offers a job referral service at its offices at 4700 Poplar Ave. as a satellite
of Memphis Area Career Center.
Stearnes said 125 to 160
people use this service each month, and although Senior Services specializes in
finding employment for older individuals, anyone is welcome to use it.
One employer that might find
such a service useful is Regions Bank.
Bank officials recognized
that experience and expertise count and not just age when last year they
persuaded Robert L. Booth to come out of retirement to become the banks
executive vice president and manager of the business banking group.
I retired at Union Planters
at the end of 2000, Booth said. Then, I got a phone call from an executive
search person, inquiring if I would be interested in coming out of mothballs
and having another go at corporate lending.
That was Regions Bank, which
followed the acquisition of Morgan Keegan, which I think probably prompted them
to expand in the area here given the fact that Morgan Keegan is such a major
influence among the business community here in Memphis. That interested me
terrifically and its been a lot of fun.
Booth had been enjoying his
I was and still am working on a book on the psychology of consumer
credit, and also helping out part-time with one of my sons in his business
and having a good time, he said.
At 66, Booth said he still
has no immediate plans to retire.
As long as I feel good and
as long as its fun, hell continue to work, he said.
But also, I do believe, at
some point, you have to get out of the way and let somebody else have some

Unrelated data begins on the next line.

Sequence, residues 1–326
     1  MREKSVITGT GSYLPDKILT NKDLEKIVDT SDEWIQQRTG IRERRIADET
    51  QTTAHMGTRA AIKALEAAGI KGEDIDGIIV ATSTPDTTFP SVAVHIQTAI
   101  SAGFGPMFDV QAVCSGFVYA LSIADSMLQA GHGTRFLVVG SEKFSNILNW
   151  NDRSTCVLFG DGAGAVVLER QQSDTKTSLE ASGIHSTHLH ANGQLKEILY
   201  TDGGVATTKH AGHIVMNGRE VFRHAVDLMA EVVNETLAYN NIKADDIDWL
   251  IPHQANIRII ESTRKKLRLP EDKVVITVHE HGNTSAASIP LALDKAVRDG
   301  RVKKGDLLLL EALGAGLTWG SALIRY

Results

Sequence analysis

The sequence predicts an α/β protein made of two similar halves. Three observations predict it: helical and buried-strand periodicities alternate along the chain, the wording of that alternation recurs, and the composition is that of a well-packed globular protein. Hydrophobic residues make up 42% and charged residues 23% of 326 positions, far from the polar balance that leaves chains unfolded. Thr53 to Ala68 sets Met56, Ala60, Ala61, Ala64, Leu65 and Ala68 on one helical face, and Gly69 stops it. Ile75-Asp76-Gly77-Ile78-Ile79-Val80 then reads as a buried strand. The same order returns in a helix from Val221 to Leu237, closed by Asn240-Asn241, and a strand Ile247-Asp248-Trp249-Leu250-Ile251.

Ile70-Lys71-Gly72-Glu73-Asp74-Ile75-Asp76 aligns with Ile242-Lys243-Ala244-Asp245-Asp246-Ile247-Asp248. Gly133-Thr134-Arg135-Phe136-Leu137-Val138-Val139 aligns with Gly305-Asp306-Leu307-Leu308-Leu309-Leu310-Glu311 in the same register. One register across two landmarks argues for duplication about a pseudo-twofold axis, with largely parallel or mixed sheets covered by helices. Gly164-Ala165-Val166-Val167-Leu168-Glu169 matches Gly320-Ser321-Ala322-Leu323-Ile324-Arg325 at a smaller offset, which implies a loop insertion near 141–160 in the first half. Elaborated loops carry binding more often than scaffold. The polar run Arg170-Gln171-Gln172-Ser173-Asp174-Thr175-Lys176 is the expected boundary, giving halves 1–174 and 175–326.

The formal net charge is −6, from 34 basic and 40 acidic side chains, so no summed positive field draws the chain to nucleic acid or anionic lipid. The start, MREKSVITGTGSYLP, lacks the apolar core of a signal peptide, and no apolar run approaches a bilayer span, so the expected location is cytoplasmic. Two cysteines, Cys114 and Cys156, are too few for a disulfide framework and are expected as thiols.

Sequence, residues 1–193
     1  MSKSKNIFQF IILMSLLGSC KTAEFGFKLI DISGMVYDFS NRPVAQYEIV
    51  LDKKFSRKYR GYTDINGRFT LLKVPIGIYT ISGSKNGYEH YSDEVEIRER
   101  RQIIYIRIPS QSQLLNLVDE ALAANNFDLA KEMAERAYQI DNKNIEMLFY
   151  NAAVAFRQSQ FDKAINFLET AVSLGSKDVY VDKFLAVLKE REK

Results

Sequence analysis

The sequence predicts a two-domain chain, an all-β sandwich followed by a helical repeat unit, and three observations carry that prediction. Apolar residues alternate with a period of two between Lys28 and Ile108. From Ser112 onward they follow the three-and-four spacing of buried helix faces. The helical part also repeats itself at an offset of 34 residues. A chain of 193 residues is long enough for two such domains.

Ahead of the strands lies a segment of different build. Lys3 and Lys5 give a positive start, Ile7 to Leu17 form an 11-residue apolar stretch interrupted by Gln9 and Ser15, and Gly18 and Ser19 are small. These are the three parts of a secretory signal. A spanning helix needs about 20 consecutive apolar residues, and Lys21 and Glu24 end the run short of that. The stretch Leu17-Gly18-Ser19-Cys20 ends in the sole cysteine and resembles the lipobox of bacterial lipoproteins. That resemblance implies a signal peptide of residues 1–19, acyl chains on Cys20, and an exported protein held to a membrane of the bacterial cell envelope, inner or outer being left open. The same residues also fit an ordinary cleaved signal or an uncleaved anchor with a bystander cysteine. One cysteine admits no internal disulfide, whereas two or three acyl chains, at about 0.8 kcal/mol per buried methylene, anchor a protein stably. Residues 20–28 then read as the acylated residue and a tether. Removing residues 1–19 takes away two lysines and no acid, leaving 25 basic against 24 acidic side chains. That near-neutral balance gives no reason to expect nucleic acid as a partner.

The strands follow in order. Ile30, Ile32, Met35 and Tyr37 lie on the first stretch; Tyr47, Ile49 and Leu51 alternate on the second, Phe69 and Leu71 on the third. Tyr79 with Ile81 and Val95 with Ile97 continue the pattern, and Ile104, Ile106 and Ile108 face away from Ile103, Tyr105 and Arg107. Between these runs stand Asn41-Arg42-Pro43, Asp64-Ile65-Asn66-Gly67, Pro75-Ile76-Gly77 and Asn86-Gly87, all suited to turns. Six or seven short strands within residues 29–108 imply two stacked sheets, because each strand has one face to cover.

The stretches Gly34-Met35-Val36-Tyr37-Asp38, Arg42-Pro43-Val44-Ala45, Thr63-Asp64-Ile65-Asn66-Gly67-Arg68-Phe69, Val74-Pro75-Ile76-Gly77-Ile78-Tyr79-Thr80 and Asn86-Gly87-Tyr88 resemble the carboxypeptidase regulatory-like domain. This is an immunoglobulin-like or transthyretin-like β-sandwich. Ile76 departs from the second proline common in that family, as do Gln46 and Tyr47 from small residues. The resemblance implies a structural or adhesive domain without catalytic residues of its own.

For less-skilled workers,
Senior Services offers a federally funded employment program for low-income
individuals that provides part-time, minimum wage jobs.
Senior Community Service
Employment is a Title V program of the Older Americans Act, administered by the
U.S. Dept. of Labor. The program currently employs 164 people in Memphis.
Workers are paid the minimum
wage of $5.15 an hour. They work in day care centers, libraries and hospitals.
They work 20 hours a week. One of the goals of the program is to get this
experience and get them back into the job market and transition them into
regular employment outside the program, Stearnes said.
Something of a Renaissance
woman, 62-year-old Linda Douty said maturity has its own rewards.
Spending much of her early
life as a mother and wife, Douty has worked doing everything from in-home
clothing sales to modeling.
I see life past 50 as a far
more fertile field than I ever dreamed, particularly for women. You escape the
cultures insistence that you be young and beautiful. You get free of that and
you have a whole new life, she said.
Douty has been a spiritual
director for the past five years and sees clients in her home.
She teaches seminars that
have to do with spiritual growth and writes book reviews.
In addition, she is director
of the Center for Spiritual Growth under the auspices of Samaritan Counseling
Most of her clients are
older, as are most spiritual directors.
Even something as eclectic
as this is enriched by age, Douty said. You have to have life wisdom in order
to do that.
You have to get muddy
yourself before you can help somebody else get out of the mud.